Suicide

The Suicide’s Argument

Ere the birth of my life, if I wished it or no
No question was asked me–it could not be so !
If the life was the question, a thing sent to try
And to live on be YES; what can NO be ? to die.

NATURE’S ANSWER

Is’t returned, as ’twas sent ? Is’t no worse for the wear ?
Think first, what you ARE ! Call to mind what you WERE !
I gave you innocence, I gave you hope,
Gave health, and genius, and an ample scope,
Return you me guilt, lethargy, despair ?
Make out the invent’ry ; inspect, compare !
Then die–if die you dare !

Samuel Taylor Coleridge 

I’ve almost never had suicidal thoughts or impulses; my depressions tends to turn violently toward the outside world.  But some of my closest friends have and when I read this poem today, I thought of them.   I don’t think suicide was ever very far from Coleridge’s mind.

The Smiling Mouth and Laughing Eyen Grey

The smiling mouth and laughing eyen grey,
The breastes round, and long small armes twain,
The handes smooth, and sides straight and plain,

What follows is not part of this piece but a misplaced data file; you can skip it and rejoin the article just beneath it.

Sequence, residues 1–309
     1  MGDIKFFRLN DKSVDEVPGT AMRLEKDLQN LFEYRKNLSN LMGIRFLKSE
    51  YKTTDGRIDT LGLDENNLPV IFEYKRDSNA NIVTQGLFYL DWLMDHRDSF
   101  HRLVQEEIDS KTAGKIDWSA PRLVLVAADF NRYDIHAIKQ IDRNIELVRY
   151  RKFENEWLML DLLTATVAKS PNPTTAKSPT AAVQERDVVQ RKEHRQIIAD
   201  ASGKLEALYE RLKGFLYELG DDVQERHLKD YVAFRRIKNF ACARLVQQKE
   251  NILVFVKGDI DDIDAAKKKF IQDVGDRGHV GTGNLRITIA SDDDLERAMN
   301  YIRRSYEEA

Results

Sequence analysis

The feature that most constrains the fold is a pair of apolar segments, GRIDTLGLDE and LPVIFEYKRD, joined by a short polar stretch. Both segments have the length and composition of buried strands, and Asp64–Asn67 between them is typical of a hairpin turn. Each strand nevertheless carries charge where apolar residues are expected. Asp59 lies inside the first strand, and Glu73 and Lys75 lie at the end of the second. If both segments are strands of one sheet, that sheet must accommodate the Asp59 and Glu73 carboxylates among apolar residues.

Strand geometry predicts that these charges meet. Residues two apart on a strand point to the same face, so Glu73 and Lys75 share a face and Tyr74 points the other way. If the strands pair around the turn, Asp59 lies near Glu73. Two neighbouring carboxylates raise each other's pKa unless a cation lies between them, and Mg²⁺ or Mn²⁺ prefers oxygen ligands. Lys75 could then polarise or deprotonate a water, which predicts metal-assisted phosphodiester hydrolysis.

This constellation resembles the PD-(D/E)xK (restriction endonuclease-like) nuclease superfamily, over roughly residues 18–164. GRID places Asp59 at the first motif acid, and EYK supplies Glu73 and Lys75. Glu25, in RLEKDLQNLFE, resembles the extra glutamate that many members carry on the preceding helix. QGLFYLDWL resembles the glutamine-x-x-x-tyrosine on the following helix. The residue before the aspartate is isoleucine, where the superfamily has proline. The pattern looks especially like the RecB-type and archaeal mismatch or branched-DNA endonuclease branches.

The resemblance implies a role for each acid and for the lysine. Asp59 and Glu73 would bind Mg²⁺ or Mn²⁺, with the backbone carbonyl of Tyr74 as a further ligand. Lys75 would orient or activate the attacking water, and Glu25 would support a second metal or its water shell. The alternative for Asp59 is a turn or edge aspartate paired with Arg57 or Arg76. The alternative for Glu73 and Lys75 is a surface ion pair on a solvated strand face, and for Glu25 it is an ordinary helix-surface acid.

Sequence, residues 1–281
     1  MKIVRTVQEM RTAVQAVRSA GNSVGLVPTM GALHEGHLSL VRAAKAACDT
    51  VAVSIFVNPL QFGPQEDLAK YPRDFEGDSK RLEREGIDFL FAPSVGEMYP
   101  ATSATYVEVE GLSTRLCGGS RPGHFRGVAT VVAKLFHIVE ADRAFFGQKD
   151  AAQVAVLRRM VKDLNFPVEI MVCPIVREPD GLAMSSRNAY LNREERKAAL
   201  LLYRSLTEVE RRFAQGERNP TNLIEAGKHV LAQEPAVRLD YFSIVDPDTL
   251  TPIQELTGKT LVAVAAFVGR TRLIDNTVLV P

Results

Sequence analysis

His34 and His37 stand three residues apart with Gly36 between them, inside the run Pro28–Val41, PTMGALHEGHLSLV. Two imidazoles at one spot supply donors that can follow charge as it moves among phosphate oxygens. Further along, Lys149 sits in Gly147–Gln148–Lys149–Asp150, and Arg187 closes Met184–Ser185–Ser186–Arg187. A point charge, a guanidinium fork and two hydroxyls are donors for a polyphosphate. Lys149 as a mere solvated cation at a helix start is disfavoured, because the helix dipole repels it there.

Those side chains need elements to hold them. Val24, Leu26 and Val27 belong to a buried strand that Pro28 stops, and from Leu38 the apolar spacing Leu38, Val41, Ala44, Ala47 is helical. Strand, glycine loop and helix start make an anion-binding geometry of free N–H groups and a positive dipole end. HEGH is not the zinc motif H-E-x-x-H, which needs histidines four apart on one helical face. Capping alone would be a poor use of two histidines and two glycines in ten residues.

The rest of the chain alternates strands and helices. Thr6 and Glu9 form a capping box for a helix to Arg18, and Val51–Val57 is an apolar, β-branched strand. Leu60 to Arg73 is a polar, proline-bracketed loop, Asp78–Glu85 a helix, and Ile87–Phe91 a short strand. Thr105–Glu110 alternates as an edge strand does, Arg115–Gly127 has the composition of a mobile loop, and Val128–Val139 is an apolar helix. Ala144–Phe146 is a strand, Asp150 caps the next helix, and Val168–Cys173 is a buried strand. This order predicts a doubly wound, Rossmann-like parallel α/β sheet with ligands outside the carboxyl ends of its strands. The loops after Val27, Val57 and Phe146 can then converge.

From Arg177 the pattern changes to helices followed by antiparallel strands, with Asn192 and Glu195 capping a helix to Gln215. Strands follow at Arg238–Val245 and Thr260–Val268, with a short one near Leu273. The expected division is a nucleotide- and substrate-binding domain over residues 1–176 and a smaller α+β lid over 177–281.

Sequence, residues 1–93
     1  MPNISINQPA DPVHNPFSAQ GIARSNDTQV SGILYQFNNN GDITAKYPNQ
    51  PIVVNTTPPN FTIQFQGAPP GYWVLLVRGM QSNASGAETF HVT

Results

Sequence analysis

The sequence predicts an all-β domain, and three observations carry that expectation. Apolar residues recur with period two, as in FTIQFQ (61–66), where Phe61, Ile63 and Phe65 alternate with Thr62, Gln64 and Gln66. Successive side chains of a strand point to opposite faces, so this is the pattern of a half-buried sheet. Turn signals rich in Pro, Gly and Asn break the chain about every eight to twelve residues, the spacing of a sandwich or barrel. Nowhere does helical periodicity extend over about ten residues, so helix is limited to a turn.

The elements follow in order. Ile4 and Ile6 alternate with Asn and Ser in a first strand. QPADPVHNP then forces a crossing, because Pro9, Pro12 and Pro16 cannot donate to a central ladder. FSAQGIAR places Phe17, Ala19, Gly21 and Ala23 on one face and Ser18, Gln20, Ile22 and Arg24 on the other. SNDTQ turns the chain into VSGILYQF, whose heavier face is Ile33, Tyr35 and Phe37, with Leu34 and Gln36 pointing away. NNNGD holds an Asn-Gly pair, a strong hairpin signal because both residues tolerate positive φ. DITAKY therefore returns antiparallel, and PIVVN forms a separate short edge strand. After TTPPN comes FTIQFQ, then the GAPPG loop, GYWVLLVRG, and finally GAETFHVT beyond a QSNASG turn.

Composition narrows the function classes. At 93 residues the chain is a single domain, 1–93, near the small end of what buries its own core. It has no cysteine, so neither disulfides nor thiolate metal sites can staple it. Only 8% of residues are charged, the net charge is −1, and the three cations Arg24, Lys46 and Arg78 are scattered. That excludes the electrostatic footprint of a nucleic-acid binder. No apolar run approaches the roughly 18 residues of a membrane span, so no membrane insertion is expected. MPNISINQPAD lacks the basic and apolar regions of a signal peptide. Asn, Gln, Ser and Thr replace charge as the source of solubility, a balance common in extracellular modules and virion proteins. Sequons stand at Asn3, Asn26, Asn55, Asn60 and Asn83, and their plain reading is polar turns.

Your feetes lite – what should I further say?
It is my craft when ye are far away
To muse thereon in stinting of my pain.

The smiling mouth and laughing eyen grey,
The breastes round, and long small armes twain.

So would I pray you, if I durst or may,
The sight to see as I have seen,
Forwhy that craft me is most fain
And will be to the hour in which I deye

The smiling mouth and laughing eyen grey,
The breastes round, and long small armes twain.

                                    – Charles d’Orleans

I couldn’t find this poem anywhere on the web so I typed it up as my contribution to world literature.

Small means slender.  Plain = smooth.

Charles was a French noble (nephew of the French king) who was captured at the battle of Agincourt and held captive in England for 25 years.  He is considered the father of the French lyric poetry and wrote great poems in English too, like this one.